Thursday, December 2, 2021

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Michiganders mourn the loss of four students after this week's school shooting at Oxford High School, and SCOTUS Justices signal willingness to back a Mississippi abortion prohibition law.

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The Supreme Court debates abortion rights; Stacey Abrams will again run to be Georgia's governor; and Congress scrambles to avoid a shutdown.

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Seniors in non-urban areas struggle with hunger disproportionately; rural communities make a push for federal money; and Planned Parenthood takes a case to the Montana Supreme Court.

As Open Enrollment Nears, Advice for Coloradans Picking Insurance Plans

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Monday, September 27, 2021   

DENVER - In less than two months, the open enrollment period begins for the state-run health insurance exchange, Connect for Health Colorado. That means it's time to plan ahead for 2022.

Colorado established its own insurance marketplace in 2011 - and this year, enrolled nearly 180,000 people, an all-time high.

Eight companies offered insurance plans to Coloradans on the exchange last year. In the coming year, for individual plans, the insurers are asking for an average rate increase of 1.4%, which is still being reviewed by the Colorado Division of Insurance.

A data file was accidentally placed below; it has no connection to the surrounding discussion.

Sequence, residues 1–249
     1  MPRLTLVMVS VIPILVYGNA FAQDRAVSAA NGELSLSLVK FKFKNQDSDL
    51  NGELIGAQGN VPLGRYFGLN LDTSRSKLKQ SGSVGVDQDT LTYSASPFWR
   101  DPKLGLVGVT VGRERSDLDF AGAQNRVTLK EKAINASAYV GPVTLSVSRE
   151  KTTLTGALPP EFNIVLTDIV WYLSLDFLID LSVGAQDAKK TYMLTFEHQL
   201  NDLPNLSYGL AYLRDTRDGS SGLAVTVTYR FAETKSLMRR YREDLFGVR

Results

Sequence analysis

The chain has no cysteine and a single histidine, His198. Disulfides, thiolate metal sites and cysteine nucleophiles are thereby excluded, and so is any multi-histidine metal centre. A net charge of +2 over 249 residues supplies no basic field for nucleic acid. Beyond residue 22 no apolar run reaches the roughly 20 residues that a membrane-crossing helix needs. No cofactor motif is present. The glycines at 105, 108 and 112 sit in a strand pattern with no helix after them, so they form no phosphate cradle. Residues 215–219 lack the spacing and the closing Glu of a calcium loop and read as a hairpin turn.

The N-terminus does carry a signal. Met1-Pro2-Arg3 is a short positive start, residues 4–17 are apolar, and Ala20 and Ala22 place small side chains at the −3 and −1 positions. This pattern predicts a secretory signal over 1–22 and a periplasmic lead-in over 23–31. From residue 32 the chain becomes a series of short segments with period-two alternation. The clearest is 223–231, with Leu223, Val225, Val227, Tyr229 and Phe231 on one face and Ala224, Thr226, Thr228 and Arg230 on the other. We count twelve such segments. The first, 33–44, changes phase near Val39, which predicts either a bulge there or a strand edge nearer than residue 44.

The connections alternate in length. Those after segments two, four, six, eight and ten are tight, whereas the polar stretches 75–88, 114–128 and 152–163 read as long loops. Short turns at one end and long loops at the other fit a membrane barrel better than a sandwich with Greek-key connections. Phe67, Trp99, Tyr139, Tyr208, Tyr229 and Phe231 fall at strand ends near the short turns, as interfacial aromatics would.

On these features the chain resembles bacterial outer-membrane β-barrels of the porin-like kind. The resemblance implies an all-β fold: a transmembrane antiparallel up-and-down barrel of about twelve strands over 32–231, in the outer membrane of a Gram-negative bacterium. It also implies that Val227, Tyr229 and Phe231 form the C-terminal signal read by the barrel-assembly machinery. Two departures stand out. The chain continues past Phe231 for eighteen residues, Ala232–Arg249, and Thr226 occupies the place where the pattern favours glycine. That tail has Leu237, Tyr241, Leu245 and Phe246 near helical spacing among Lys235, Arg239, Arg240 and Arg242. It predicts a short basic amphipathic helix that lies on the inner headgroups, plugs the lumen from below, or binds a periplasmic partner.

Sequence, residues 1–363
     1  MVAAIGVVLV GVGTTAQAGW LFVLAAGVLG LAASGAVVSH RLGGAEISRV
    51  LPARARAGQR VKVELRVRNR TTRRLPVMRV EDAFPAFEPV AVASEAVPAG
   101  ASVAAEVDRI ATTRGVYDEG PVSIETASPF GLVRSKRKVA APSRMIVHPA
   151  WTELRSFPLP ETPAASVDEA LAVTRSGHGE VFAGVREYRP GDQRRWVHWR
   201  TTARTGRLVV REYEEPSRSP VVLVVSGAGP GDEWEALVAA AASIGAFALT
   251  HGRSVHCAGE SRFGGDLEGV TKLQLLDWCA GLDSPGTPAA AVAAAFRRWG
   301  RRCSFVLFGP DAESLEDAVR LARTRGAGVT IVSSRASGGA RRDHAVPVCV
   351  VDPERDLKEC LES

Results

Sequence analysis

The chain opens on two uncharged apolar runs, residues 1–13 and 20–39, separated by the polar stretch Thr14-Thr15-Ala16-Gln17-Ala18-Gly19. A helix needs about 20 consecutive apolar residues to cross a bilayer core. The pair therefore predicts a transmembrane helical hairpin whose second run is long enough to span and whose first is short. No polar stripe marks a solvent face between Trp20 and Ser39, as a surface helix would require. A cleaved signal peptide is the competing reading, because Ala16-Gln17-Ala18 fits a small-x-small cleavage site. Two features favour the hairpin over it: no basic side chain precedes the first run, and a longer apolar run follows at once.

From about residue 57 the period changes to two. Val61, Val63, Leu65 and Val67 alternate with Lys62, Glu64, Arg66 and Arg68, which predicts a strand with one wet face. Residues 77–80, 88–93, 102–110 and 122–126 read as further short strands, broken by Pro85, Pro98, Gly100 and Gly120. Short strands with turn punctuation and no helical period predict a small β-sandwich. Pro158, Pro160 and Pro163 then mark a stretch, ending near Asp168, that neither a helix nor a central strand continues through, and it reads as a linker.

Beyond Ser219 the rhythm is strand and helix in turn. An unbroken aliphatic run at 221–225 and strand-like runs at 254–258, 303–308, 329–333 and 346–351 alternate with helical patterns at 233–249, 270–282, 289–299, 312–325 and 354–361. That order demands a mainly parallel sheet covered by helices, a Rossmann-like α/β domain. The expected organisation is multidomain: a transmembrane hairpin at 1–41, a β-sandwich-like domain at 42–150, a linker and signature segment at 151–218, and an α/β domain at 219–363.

Dr. Rhonda Randall - chief medical officer for employer and individual policies at UnitedHealthcare - said when choosing from the plans available, it's important to consider your health needs.

"Anticipate what your expenses are for next year," said Randall. "So, are you anticipating you're going to need to have a certain procedure, or you've recently been diagnosed with a specific condition? Or maybe you're planning to expand your family."

What's known as the "easy enrollment" program will debut in Colorado in early 2022. It'll allow residents to say on their tax returns that they'd like Connect for Health Colorado to determine whether they're eligible for free or subsidized health coverage.

Open enrollment runs November 1 through January 15.

More than 940,000 Colorado residents are enrolled in Medicare, covering folks age 65 and older and people living with disabilities - but Medicare doesn't cover everything, including prescription drugs.

So, Randall said Medicare "Part D plans" are needed for those who don't have employer-based coverage for medications.

"So you need to pick a separate prescription drug, 'Part D' program," said Randall. "It generally doesn't cover supplemental benefits and things like vision, dental and hearing, in most circumstances."

For vision, hearing and dental care needs, people can purchase supplemental coverage or what's known as a Medicare Advantage plan. These also have open enrollment periods.



Disclosure: United Healthcare contributes to our fund for reporting on Health Issues. If you would like to help support news in the public interest, click here.


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